Accuride Reinvents Its Wheel End Plant

April 20, 2018
One of the oldest foundries in the U.S., the former Gunite operation bounced back from bankruptcy through continuous improvement. Now, it’s all in on lean.

For any U.S. manufacturer to trace its roots to before the First World War is impressive. For a manufacturing company to date back to before the U.S. Civil War, though, is almost unknown. Yet, in Rockford, IL, we find Accuride Wheel End Solutions plant (formerly Gunite), a company founded in 1854. It has operated from that location since 1905.

Accuride Wheel End Solutions, Rockford Operations, is a 619,000-sq.ft. plant with 332 employees, represented by the United Auto Workers union. Last month it was named a 2017 winner of the IndustryWeek Best Plants Award — an achievement based on Accuride’s 15% increase in units/man-hours worked (2014-2016); 57% reduction in casting scrap; 92% improvement in first-pass yield of wheel end products over the past three years; and its 2015 Assn. of Manufacturing Excellence (AME) award.

The Rockford plant is one of the oldest operating foundries in the country, molding, pouring, and finish machining its own brake drum castings for trucking and agricultural market. However, despite its long and impressive track record, the company entered the 21st Century in desperate straits. Having gone through several ownership changes over the years, which saw much of the plant’s production capabilities moved to other cities, the company filed for bankruptcy in 2009 when the recession caused a precipitous drop in large-truck sales.

As it turned out, though, the plant’s dramatic transformation was about to begin.

The Rockford Operations was “a classic story of a Rust Belt factory that had been starved for capital and left for dead by previous owners,” observed Rick Dauch, president and CEO of Accuride, who came onboard in 2011, coincident with Accuride’s corporate push for continuous improvement at all of its plants. 

The decision was made to invest more than $70 million in the Rockford Operations to restore its production capabilities. “Together with our UAW-represented workforce, we decided to restore the business to competitiveness and profitability,” he explained, a restoration that took continuous improvement as its mantra.

A tour of the plant illustrated the extent to which Rockford Operations has embraced the lean culture, with various tools like the x-matrix (a strategic planning tool based on hoshin kanri methods), value stream maps, and a glass wall display board that shares high-level KPIs with employees, focusing on safety, quality, productivity and cost.

Another critical tool in use at Rockford is what Accuride calls Plan For Every Part (PFEP). This approach helps determine how much of each type of item is needed to meet customer needs across Accuride’s four key value streams: foundry, drum machining, hub machining and assembly, and slack assembly. Then, kanban pull systems are used across the processes.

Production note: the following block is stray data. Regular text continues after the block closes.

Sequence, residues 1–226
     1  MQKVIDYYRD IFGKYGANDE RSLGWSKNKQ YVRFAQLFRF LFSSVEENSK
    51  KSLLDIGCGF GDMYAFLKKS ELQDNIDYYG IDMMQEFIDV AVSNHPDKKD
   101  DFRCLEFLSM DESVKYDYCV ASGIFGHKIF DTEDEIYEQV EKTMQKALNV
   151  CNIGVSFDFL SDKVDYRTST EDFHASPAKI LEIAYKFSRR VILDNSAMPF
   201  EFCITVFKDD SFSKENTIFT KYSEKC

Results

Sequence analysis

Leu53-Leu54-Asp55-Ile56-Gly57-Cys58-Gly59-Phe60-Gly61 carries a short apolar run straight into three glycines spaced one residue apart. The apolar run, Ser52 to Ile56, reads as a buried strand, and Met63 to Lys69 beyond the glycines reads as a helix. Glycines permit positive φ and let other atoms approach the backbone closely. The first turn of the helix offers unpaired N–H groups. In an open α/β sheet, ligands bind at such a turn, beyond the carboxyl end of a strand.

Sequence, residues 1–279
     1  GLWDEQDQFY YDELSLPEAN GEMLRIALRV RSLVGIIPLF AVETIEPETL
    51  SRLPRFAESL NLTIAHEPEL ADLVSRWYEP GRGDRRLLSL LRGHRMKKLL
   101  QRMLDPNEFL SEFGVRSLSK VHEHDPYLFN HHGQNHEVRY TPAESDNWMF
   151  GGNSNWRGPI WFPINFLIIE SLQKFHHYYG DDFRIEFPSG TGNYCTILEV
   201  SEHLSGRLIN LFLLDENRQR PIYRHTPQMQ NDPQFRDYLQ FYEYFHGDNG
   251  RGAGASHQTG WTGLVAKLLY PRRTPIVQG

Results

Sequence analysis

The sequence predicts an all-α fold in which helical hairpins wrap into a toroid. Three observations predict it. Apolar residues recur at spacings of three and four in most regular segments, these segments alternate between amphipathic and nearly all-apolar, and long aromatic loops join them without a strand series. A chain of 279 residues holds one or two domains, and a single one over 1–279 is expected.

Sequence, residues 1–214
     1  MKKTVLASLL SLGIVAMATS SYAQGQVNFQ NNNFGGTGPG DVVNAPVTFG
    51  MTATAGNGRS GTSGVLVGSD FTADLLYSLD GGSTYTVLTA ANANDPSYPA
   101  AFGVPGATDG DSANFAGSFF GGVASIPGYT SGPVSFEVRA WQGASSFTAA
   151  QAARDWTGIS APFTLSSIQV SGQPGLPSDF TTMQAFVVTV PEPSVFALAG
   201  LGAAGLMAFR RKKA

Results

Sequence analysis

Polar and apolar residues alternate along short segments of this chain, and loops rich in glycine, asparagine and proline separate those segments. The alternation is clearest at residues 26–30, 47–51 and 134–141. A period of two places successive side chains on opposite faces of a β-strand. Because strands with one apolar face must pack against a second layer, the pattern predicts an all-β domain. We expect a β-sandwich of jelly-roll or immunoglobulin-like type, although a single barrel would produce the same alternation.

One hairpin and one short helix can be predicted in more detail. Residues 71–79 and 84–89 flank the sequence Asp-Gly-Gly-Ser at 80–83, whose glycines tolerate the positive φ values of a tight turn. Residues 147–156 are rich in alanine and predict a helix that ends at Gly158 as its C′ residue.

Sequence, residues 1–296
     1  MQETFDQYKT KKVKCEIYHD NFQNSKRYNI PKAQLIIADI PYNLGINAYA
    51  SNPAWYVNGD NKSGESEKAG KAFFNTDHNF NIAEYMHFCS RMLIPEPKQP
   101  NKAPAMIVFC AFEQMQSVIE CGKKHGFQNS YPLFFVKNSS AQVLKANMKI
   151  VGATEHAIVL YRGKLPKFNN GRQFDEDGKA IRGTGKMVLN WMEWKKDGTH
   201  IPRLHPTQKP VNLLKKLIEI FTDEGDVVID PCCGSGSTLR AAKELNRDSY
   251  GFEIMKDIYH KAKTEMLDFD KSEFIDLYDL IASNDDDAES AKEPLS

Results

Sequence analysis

“If you do kanban right, it’s the most powerful CI tool there is,” said Chuck Burns, Rockford Operations’ supply chain and lean manager. “And, when you get the shop floor-level workers involved in understanding the nuances of what goes into making products, then true continuous improvement has settled in.”

Core to Accuride’s continuous improvement strategy is what it calls the 50-50-20 impact, explained Jd Marhevko, senior vice president of quality, lean systems and EHS. This depicts how Accuride has leveraged a 50% average reduction in lead time, which has resulted in an average 50% increase in productivity and an average 20% reduction in cost per unit across its key value streams. When it comes to continuous improvement, it’s not much of a stretch to say that Accuride wrote the book on lean since Marhevko and two other colleagues wrote Lean Management 50-50-20 recently, documenting how Accuride has applied lean corporatewide across products, processes, and partners. Indeed, as Marhevko noted, Accuride’s matrix of strategic continuous improvement initiatives ensures that “no strategy is left behind.”

That being said, “The first thing we focus on every day here is safety,” emphasized Eric Pansegrau, director of operations at the plant. “We’re very much customer-focused as well.” In fact, Accuride is branching out now into enterprise-level lean, where they work closely with customers as well as suppliers to drive out waste throughout the supply chain.

“Changing the culture doesn’t happen overnight,” Pansegrau acknowledged, but one advantage that the Rockford Operations has is that many members of the leadership team have military backgrounds. “They bring a strict focus on ethics to the company,” he said.

“With so many ex-military people on our staff, they just won’t allow us to be bad,” added Marhevko.



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